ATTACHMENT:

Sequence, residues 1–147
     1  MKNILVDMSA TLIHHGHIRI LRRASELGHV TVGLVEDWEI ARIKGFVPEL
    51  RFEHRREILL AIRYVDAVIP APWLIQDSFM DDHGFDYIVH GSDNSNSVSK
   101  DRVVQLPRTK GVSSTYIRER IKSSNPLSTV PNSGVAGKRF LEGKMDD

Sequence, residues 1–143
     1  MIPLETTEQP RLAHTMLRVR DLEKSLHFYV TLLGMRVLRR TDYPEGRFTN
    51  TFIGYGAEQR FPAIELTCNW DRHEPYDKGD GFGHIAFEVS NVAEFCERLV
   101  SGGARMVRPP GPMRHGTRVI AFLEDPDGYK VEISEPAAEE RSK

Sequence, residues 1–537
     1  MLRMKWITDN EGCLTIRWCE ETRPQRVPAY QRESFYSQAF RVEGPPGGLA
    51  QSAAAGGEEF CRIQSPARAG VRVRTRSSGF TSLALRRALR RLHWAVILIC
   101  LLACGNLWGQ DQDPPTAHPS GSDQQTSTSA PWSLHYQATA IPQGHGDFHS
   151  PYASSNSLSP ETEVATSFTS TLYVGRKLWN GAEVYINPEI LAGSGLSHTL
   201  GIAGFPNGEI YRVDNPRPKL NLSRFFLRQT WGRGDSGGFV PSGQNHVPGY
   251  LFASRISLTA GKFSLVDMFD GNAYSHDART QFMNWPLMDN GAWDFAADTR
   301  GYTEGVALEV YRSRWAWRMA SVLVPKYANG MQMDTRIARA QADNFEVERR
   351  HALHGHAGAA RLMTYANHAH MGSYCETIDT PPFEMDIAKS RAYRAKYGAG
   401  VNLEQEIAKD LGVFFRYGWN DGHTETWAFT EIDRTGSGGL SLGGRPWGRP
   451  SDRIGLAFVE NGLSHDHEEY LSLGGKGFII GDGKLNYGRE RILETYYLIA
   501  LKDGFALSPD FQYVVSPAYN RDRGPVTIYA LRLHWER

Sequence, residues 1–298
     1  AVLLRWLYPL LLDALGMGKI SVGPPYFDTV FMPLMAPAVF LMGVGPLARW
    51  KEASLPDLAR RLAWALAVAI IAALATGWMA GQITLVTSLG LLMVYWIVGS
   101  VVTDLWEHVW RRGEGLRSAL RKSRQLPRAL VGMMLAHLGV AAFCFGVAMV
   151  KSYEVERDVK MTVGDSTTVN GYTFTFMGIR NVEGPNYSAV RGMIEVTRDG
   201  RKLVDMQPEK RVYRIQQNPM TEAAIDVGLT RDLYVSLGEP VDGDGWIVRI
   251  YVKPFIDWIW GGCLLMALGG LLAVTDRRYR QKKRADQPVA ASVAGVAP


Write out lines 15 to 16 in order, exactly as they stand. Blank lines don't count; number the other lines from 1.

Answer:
   251  LFASRISLTA GKFSLVDMFD GNAYSHDART QFMNWPLMDN GAWDFAADTR
   301  GYTEGVALEV YRSRWAWRMA SVLVPKYANG MQMDTRIARA QADNFEVERR